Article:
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- DescriptionFor centuries, a central goal of art has been to make us see the world with new eyes. Thinkers from Edmund Burke to Elaine Scarry have understood this effort as the attempt to create new forms. But as anyone who has ever worn out a song by repeated listening kws, artistic form is hardly immune to sensation-killing habit. Some of our most ambitious writers-Keats, Proust, Nabokov, Ashbery-have been obsessed by this problem. Attempting to create an image that never gets old, they experiment with virtual, ideal forms. Poems and vels become workshops, as fragments of the real world are scrutinized for insights and the shape of an ideal artwork is pieced together. These writers, voracious in their appetite for any kwledge that will further their goal, find help in unlikely places. The logic of totalitarian regimes, the phemelogy of music, the pathology of addiction, and global commodity exchange furnish them with tools and models for arresting neurobiological time. Reading central works of the past two centuries in light of their shared ambition, Clune produces a revisionary understanding of some of our most important literature.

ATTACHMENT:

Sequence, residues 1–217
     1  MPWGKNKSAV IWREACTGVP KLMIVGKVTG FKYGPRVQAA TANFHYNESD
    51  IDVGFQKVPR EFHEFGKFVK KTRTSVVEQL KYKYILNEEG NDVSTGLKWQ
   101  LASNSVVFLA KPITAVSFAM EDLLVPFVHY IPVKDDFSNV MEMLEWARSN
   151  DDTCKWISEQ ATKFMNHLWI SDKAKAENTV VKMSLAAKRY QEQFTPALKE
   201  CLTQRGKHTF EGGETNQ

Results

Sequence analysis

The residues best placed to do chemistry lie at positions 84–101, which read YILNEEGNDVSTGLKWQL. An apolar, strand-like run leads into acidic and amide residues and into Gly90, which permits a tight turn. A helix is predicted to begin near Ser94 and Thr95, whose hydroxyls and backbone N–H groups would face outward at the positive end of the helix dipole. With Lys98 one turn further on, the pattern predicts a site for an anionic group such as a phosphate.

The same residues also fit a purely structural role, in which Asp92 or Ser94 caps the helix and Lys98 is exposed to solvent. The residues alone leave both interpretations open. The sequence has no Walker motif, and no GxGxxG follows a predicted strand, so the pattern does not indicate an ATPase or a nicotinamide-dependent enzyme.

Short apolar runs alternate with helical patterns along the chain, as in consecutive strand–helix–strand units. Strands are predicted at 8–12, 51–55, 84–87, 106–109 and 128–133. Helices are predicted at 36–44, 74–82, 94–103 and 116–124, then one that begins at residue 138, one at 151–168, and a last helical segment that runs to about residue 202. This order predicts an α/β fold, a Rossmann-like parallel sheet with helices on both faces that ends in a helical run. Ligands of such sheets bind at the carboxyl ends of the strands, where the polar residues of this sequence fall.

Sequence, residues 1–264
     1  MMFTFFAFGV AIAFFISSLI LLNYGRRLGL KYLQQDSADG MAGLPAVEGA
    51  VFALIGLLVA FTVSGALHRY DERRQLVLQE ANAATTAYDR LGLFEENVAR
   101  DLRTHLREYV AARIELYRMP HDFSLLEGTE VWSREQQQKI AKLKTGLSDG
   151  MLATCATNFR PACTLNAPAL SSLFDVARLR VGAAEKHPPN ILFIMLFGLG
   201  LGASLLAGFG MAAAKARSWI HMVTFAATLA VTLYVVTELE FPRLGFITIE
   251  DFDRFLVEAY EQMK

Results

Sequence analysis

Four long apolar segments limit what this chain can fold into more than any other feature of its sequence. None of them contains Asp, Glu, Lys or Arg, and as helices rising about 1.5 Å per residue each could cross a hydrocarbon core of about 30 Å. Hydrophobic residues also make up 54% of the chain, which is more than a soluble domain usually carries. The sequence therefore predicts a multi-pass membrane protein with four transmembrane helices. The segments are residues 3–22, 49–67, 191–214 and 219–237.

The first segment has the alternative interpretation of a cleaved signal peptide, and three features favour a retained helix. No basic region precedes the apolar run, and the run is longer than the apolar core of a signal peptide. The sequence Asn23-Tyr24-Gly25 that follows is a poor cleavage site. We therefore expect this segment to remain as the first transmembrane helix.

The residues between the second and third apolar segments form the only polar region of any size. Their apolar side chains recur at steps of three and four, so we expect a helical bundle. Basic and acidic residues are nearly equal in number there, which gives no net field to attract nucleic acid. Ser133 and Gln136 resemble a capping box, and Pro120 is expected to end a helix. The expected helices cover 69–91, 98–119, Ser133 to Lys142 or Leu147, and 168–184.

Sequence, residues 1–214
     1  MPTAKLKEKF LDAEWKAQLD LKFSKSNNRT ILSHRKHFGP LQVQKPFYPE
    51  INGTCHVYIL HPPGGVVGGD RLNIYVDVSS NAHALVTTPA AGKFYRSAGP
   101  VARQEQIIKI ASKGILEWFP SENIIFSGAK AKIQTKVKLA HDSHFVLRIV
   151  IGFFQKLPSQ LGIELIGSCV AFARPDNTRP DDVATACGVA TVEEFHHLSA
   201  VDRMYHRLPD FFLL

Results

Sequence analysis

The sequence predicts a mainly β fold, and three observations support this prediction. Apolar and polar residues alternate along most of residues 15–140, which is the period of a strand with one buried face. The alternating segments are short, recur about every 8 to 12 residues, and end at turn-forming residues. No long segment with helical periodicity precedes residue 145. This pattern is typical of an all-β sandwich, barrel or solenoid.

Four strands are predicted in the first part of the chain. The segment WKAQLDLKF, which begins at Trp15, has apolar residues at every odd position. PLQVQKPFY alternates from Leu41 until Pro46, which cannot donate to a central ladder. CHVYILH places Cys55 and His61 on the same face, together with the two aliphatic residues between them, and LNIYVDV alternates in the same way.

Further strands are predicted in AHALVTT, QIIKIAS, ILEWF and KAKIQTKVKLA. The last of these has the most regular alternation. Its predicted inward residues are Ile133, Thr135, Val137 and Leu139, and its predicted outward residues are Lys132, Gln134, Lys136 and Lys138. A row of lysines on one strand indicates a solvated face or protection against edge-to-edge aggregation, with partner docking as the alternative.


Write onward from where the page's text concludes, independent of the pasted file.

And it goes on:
- Author BiographyMichael Clune is Assistant Professor of English at Case Western Reserve University. He is the author of a previous work of criticism, American Literature and the Free Market, and of a forthcoming memoir, White Out.
- Author(s)Michael Clune
- PublisherStanford University Press
- Date of Publication09/01/2013
- SubjectLiterary Criticism
- Place of PublicationPalo Alto
- Country of PublicationUnited States
- ImprintStanford University Press
- Weight386 g
- Width3895 mm
- Height5830 mm
- Spine458 mm
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